The most interesting game of 2015 finally began its Alpha last night (or early this morning depending on where you are located). Having lucked out with an invite, we finally got to experience for ourselves the wonder and mystery that is Miyazaki’s new baby, Bloodborne.
Editor’s Note: This article was approved by Sony for publishing, and features Castielle’s observations primarily, with some Skarekrow13 thoughts chiming in on occasion because he likes to stick his nose into things.
The level the Alpha occurs in is easily recognizable by anyone who has watched any gameplay footage to date. You are dropped into the game in exactly the same spot as the Playtester running the booth at E3. Except this time you get to choose starting weapons. There were 4 premade setups to choose from, all involving one melee weapon and one gun. Choices for melee included a range of weapons in the right hand (from the light daggers to the ultra heavy Kirkhammer). These were pre-paired with either a Blunderbuss or a Pistol in the left hand. Castielle decided to go with the dagger(s) and the pistol as he likes speed. Skarekrow13 chose the more methodical bringer of death known as the Kirkhammer, which has the added bonus of a very sexy looking sword in the handle. From here on assume it’s Cas speaking. Or writing. Or whatever. Skare will make his presence obvious (yes, we’re such fans of the Souls games here at FextraLife that even our articles have invaders).
Having seen the gameplay at E3, I was relatively familiar with the level and knew where the first few enemies were, but what I didn’t know was what the personal effects on my character did (personal effects in the Alpha is a menu of items opened by pressing down on the right side of the touchpad). After messing around with them for a little while, I learned that there are two bells: one you ring to summon and one you ring to be summoned. There was also a “parting shot” which sends you or your phantom(s) back to their respective worlds. Of course an item for sharing messages with other players was present, as in the Souls games. In Bloodborne the item needed to do this is a notebook. Having sorted that out, I set out on my journey toward the boss.
After fighting several enemies and seeing a good portion of the level, I can say with confidence that the number of enemies is much higher than in the Souls series of games. Around 2 to 3 times higher I’d wager. This is something that wasn’t overtly clear to me at E3 when I watched the gameplay there. You certainly have to be more careful or you will just get overrun by enemies. I’ve heard comments around the internet that the combat is much faster than in Souls games and some people have even compared it to Devil May Cry. I believe that the speed of combat is generally the same as Dark Souls (Skare agrees, movement general seems to be nearly the same). In Bloodborne though, you sort of have the option to just jump in and make it hectic and fast (which I must say is a lot of fun). The difference here, is that in Bloodborne you are given the movesets to be able to handle many more enemies at once in comparison to a Souls game. You are even rewarded health back for striking an enemy who has struck you (if you can do it quickly). Skare’s pro-tip: hitting enemies who are in their dying animation will continue to recover your life. You are rewarded for smashing them into a pulp after the fight is over. Once they hit the ground for good, recovery ends. Editor’s Note (again): You should have mentally inserted a “Dark Spirit Skarekrow13 has invaded” message in a few moments ago.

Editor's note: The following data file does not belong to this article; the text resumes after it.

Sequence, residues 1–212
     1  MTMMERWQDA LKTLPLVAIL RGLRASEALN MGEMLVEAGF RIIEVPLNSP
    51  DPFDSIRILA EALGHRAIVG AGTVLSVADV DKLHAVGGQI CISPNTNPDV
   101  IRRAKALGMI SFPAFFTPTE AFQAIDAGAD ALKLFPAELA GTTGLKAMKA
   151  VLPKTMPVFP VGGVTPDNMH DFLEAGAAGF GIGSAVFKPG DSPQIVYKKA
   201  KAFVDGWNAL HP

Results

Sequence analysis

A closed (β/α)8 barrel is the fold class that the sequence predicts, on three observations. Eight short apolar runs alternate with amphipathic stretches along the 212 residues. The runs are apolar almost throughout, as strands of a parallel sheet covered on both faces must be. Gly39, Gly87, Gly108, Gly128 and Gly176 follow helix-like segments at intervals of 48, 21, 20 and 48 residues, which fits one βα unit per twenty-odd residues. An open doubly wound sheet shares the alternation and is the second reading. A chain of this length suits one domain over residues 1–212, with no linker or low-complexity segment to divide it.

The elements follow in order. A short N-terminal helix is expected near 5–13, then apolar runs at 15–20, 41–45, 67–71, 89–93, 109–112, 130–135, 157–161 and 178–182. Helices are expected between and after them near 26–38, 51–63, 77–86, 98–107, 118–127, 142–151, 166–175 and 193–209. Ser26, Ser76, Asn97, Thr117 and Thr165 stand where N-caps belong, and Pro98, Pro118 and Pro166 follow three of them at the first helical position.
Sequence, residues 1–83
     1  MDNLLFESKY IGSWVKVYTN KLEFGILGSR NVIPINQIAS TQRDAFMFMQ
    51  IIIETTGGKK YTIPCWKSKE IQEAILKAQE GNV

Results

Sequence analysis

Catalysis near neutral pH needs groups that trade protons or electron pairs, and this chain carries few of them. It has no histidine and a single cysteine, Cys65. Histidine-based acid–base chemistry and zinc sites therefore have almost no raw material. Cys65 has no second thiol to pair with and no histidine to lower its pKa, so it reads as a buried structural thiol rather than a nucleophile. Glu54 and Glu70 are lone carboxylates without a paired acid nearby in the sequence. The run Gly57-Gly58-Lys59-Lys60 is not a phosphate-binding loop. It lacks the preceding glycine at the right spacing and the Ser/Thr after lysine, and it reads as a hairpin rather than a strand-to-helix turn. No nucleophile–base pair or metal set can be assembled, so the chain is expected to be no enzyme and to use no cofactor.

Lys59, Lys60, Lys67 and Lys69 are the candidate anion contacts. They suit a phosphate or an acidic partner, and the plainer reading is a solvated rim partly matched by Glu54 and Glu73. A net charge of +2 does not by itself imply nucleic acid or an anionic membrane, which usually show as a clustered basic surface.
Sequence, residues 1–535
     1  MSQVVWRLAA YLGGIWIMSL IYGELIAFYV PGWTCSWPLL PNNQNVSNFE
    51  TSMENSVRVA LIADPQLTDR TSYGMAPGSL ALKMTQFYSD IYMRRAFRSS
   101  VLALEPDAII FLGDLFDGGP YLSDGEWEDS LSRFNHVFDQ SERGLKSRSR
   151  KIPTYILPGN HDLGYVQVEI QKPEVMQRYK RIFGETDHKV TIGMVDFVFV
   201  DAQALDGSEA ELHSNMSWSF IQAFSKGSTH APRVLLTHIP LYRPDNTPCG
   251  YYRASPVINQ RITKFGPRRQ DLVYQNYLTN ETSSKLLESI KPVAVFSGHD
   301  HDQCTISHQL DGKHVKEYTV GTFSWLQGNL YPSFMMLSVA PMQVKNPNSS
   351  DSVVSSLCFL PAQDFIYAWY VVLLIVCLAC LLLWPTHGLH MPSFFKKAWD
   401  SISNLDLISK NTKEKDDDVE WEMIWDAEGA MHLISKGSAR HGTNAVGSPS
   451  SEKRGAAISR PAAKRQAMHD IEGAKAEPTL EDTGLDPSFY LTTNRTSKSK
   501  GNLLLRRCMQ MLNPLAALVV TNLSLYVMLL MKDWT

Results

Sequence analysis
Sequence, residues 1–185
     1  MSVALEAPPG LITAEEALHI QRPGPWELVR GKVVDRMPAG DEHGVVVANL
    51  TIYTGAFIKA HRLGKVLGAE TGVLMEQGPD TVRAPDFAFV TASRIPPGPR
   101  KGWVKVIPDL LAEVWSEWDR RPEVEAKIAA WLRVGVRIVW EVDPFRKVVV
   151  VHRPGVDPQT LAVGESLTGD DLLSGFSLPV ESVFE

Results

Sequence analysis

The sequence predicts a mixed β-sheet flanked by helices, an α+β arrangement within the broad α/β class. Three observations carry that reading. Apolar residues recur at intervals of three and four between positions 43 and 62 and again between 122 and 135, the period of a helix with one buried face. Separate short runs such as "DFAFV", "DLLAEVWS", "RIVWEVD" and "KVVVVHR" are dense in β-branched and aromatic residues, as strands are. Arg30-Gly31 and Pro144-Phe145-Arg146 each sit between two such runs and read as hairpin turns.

The dodge and dash mechanics take some getting used to, but after about an hour you’re flying around the screen, getting comfortable. Combat feels much more exciting that Dark Souls. It may also feel more frantic and nerve wracking. I’m not sure this will appeal to all Souls fans, as there are many who like to take it slow and methodically whittle away the enemies. It is still possible to take this approach, however, it just really isn’t as much fun! Unless you’re using the Kirkhammer, per Skare.